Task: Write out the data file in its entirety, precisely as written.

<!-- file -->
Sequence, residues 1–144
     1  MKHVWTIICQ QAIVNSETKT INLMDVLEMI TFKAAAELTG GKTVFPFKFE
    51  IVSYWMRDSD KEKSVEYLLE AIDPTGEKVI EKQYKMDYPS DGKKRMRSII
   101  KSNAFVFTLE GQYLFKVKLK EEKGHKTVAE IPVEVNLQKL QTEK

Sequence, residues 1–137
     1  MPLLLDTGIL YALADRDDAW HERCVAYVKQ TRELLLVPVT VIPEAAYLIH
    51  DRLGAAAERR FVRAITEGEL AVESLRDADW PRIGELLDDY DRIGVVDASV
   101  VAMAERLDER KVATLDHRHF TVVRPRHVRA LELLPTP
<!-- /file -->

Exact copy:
Sequence, residues 1–144
     1  MKHVWTIICQ QAIVNSETKT INLMDVLEMI TFKAAAELTG GKTVFPFKFE
    51  IVSYWMRDSD KEKSVEYLLE AIDPTGEKVI EKQYKMDYPS DGKKRMRSII
   101  KSNAFVFTLE GQYLFKVKLK EEKGHKTVAE IPVEVNLQKL QTEK

Sequence, residues 1–137
     1  MPLLLDTGIL YALADRDDAW HERCVAYVKQ TRELLLVPVT VIPEAAYLIH
    51  DRLGAAAERR FVRAITEGEL AVESLRDADW PRIGELLDDY DRIGVVDASV
   101  VAMAERLDER KVATLDHRHF TVVRPRHVRA LELLPTP